William Shatner, the face of the iconic Captain Kirk in the original Star Trek series, has been under attack recently from crazed Outlander trolls, and now Salon has made their attempt at a self-fulfilling prophecy in their recent article, rhetorically asking, ” Does William Shatner’s attack on SJWs erase his Star Trek legacy?”
Salon‘s overly simplistic reductio ad absurdum doesn’t take into account the months of travail Mr. Shatner faced that drew him towards such ire. What goes unspoken in the Gizmodo and Salon pieces are how he was channeling the inner “Evil Captain,” exhorting these “super-shippers” (many of whom were evidently fully grown adults in their 40s and upper) to grow up! These rabid fans, fueled by tabloid rumors, had for months been crossing the line into and beyond harassment. All this over their inability to separate Hollywood magic and on-screen chemistry for “what would and must be kismet.”
Gizmodo followed suit shortly after Salon, signal-boosting the fairly baseless accusations of William Shatner being “alt-right” and cleverly choosing the gimmick of using a still from a Star Trek episode where Kirk is in disguise as a Nazi.
To make sense of the seemingly abrasive behavior from the beloved face of Captain James Tiberius Kirk, using foul language like snowflake and misandry in his feed, we have to travel back several months to the beginnings of the Outlander troubles. What started as a crazed group of fans convinced the Starz fantasy series’ characters on-screen romance should extend to the real world became a heated battle online involving threats that crossed the line multiple times. Shatner’s insertion into the issue was an attempt to protect his friends, Outlander stars Caitriona Balfe and Sam Heughen.
All the trolls are trying to do is cause Sam to unfriend me. In their twisted heads that will bring Sam back to Caitriona. Craycrays https://t.co/eXA9MtJbRc
— William Shatner (@WilliamShatner) August 1, 2017
The Siver Times reported that even some relatives of the actor and even journalists covering the situation have had bouts of intimidation and harassment in relation to the wished-for romance. This all culminated in Shatner’s PR person having her life threatened when fans thought she was secretly dating Sam. All this over some hopeful fan-fiction dreams. It is notable that a website called “Outlander Bullying” exists documenting some of the early abuses while explaining, to the uninitiated, what “shipping” is. The site is over half a year old, so this has been a recurring thorn for some time to Shatner.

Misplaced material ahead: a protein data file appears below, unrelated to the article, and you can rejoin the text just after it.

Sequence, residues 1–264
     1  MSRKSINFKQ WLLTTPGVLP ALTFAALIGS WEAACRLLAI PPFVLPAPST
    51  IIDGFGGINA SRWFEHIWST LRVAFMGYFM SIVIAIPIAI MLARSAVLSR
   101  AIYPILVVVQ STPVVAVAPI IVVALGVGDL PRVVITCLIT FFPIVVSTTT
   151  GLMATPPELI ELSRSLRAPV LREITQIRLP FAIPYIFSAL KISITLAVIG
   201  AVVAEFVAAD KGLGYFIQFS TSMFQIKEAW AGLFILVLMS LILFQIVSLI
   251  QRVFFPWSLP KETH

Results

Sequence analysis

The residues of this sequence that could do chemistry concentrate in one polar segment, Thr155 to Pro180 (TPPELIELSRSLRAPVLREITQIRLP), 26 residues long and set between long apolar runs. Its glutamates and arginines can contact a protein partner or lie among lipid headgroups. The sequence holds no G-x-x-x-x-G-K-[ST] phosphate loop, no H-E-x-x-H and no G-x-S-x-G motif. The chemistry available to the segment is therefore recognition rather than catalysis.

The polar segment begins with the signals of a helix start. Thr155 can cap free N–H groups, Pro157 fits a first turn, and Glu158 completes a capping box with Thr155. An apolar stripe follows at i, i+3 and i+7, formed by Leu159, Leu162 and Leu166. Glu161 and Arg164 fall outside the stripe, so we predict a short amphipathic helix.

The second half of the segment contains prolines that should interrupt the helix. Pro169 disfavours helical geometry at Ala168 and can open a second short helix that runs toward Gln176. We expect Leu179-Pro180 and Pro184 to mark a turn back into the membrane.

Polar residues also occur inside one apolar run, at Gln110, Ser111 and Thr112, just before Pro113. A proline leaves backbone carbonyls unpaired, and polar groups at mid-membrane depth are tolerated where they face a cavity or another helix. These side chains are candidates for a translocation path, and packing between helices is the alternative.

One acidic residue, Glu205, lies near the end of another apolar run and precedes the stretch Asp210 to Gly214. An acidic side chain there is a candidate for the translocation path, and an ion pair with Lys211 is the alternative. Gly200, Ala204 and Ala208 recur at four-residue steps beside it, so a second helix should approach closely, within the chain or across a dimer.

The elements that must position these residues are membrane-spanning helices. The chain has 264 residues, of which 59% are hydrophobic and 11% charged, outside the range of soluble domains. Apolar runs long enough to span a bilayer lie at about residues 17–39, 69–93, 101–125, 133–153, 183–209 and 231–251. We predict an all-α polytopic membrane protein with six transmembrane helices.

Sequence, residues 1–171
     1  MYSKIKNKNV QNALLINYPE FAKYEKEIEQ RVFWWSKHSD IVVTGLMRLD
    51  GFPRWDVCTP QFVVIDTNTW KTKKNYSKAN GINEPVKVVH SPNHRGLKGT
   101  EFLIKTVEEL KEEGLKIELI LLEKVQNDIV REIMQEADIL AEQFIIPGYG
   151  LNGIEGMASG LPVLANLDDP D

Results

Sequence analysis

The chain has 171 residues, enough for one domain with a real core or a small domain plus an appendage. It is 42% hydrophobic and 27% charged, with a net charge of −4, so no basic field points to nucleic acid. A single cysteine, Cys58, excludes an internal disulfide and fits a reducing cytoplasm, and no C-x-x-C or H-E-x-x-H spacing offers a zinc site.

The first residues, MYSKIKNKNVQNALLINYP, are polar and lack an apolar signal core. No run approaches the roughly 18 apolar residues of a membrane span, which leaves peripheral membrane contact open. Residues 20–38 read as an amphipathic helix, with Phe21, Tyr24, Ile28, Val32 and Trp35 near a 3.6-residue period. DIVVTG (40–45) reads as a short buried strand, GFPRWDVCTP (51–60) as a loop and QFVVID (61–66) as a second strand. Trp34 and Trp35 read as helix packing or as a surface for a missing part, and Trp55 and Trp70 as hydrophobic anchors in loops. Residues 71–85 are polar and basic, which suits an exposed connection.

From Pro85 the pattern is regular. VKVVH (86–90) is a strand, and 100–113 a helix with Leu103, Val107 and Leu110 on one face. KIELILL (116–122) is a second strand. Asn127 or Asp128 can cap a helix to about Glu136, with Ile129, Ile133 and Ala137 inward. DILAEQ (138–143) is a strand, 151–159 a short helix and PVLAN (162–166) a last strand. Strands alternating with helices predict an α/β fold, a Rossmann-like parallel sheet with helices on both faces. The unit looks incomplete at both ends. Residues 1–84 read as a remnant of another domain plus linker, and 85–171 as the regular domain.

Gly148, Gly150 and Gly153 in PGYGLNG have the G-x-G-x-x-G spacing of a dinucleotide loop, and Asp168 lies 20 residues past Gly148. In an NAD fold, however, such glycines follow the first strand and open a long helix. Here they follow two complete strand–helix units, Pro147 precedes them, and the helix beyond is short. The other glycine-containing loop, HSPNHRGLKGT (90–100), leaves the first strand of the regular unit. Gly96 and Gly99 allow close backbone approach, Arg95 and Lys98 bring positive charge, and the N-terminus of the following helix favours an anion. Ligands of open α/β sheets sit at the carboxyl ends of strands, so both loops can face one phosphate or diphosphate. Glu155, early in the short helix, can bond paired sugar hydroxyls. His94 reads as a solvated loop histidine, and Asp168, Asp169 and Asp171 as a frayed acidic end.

My PR woman got a death threat b/c someone thought she was dating Sam. https://t.co/Hmkg0CAmuM
— William Shatner (@WilliamShatner) February 20, 2017
In the midst of all of this, Shatner was attacked by SJWs for coming out in support of “Autism awareness” rather than “Autism acceptance.” This sort of rabid behavior has become expected from certain hard-line keyboard warriors on the extreme left. Saturday Night Live has even hinted at some of the problem in skits like “The Bubble,” and Business Insider recently explicated this as a specific problem within the Democratic Party in an article titled “Liberals can win if they stop being so annoying.”
“This combination of facts has me thinking a lot about what I call ‘the hamburger problem.’ As I see it, Democrats’ problem isn’t that they’re on the wrong side of policy issues. It’s that they’re too ready to bother too many ordinary people about too many of their personal choices, all the way down to the hamburgers they eat.
“They don’t always want to prohibit those choices. But they have become smug and condescending toward anyone who does not match the personal lifestyle choices of liberal elites. Why would the voters on the receiving end of that smug condescension trust such a movement to operate the government in their best interest?”
A rejection of the stereotypical SJW is not necessarily a rejection of the belief in equality, and considering his treatment after the autism charity debacle, it could be seen why a harried Shatner might resort to using “trigger words” like “misandrist” and “snowflake,” especially since having become a confirmed 4chan lurker.
Gizmodo claims, without the need for citation, that he had previously aligned himself with the alt-right despite Shatner himself scoffing at the idea. When a fan warned that he might be smeared as “alt-right,” he reacted with an eye-roll emoji and the tongue-in-cheek reference to his being the “Grand Master of the Delusionati.”
Sadly, in an age of echo chamber media, bereft of nuance, this sort of admission is all the Gizmodos and Salons of the world need to gather a posse and go out for blood.
[Featured Image by Matt Winkelmeyer/Stringer/Getty Images]